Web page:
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Green Urbanism: Learning from European Cities
Confronted with tumultuous weather patterns, global warming, and the end of oil looming in the not so distant future, the United States’ interest in sustainable urban design has begun to take hold. Dr. Timothy Beatley, a professor of Urban and Environmental Planning at University of Virginia, has been emphasizing the importance of creating greener communities for nearly two decades. His book, Green Urbanism: Learning from European Cities researched the enormous strides many European countries have made toward the formation of more environmentally conscious urban development.
Now, thirteen years later, Beatley has edited another book (Green Cities of Europe) praising the innovation and astounding successes of the environmental movement in most European cities during the past few decades. This book is a compilation of case studies written by planners and local experts in some of Europe’s most innovative cities. Beatley hopes that politicians, planners, architects and activists in the United States will draw inspiration from the progress Europe has made to create a more environmentally just world.
In Beatley’s introduction, he objectively defines the question, “Why study European Cities?” He outlines six key components of sustainable design that has launched Europe years ahead of the rest of the world. Beatley believes the most important step is a shift in mindset. Times of economic hardship have lead many Americans to question the so-called ideal of “The American Dream”, defined by economic growth, personal wealth and complete independence. These traits have led to plundering the earth for resources and a complete disregard for future generations. Beatley believes a shift in mentality toward the new “European Dream” that emphasizes quality of life, sustainability and interdependence as the first key steps toward green urbanism. European cities take pride in the implementation of sustainable design practices, and cities that achieve high environmental standards are recognized and awards are given. (For example, Freiburg, Germany received the IMCL City of Vision Award in 1993 for their commitment to principles of livability and sustainability in all planning and urban design issues.)
European innovations in sustainable mobility, walkability and bicycle infrastructure have been remarkable in the past few decades. High-speed rail systems, and comprehensive public transit systems are prominent and well utilized. The number of bike paths has multiplied ten fold in the past few years, and many streets in city centers have become pedestrian and bicycle thoroughfares. Cities such as Freiburg, Vienna, and Copenhagen have placed strong limitations on automotive traffic within the cities, at certain times restricting access all together.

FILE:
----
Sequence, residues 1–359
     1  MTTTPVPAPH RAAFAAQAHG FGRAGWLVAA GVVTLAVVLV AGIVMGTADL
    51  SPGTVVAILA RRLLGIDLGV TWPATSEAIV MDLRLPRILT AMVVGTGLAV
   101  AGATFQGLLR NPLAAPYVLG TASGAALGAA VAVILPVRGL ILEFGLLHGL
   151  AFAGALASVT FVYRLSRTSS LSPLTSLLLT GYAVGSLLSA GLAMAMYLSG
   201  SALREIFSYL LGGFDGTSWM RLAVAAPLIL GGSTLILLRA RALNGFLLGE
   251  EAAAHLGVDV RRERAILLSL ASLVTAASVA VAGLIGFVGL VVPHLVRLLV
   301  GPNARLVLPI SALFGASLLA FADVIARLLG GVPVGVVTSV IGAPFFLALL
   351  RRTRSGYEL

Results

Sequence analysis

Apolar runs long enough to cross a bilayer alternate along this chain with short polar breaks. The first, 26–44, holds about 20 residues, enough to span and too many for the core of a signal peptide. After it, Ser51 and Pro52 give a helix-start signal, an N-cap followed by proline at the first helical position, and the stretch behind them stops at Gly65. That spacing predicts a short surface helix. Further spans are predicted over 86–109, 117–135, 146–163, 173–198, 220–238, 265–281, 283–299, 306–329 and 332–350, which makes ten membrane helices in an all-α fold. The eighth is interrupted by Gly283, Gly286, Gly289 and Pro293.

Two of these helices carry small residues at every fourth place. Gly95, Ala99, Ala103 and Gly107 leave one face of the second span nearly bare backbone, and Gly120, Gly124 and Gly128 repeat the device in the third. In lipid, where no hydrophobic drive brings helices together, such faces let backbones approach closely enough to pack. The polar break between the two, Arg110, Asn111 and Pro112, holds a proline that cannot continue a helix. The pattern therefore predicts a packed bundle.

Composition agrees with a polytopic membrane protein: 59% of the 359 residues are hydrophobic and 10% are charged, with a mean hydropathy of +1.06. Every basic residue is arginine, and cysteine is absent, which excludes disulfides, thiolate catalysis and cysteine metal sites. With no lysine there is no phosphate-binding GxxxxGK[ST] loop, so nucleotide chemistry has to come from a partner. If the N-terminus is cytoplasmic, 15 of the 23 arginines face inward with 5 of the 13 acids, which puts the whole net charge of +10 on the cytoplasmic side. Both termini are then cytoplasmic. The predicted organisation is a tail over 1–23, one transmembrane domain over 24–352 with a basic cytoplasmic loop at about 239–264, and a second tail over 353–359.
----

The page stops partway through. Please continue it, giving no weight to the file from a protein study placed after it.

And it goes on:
Along with transit infrastructure, Beatley discusses the importance European cities place on easy access to green spaces and nature as an integral part of not only sustainable design, but also the emotional well being of many residents. In Stockholm alone, there are estimated to be over 1,000 urban parks and three large nature reserves, occupying nearly 40% of the land within the city.
Finally, Beatley reviews energy policy ideals that have become a necessary component in all European development policies. Switching to renewables has been at the forefront of all recent political campaigns and master plans for European cities. Policy makers are all aware of the need to move rapidly toward the development of a more sustainable energy source before the end of oil, and before global warming has catastrophic effects on the globe.
Green Cities of Europe contains case studies of exemplary models of sustainability in urban design. Each chapter is written by an expert from that city and contains unique insights into that city’s challenges and how they have addressed the problem. For example, in the case of Venice, Italy (written by Marta Moretti, deputy director of the International Center Cities on Water) Venice faces complicated issues of balancing historic preservation, new sustainable design, and destruction of existing structures due to periodic flooding. Planners have faced these issues head on, creating a “Strategic Plan” that encompasses all facets of what a truly sustainable city should be, and the city is well on their way to meeting these challenges.
Freiburg, Germany faced different challenges than Venice, but has been transformed into a truly sustainable city. Wulf Daseking, Freiburg’s Head of Urban Planning and Dale Medearis, Sr. Environmental Planner with the N. Virginia Regional Commission recount how, during World War 2, Freiburg was heavily bombed, destroying much of the medieval city. Reconstruction afforded incredible opportunities: rather than opting for “modern city planning”, Freiburg chose to maintain the old city’s human scale and mix of uses, and emphasized its walkability by making the whole historic city a pedestrian zone. To accommodate a vast increase in population, Freiburg rejected “suburbanization” and chose instead to focus on in-fill development and compact growth in new complete, mixed-use urban neighborhoods. Freiburg’s commitment to sustainable transport has created one of the best multi-modal transit systems in the world.
Readers may discover that some of these cities have faced ecological challenges more destructive than those faced by their own city, and have sometimes had to take extreme measures to overcome them. By making a conscious decision to achieve a livable, sustainable city, they have supported innovative solutions for solving the problems. This is essential reading for all those concerned with urban sustainability.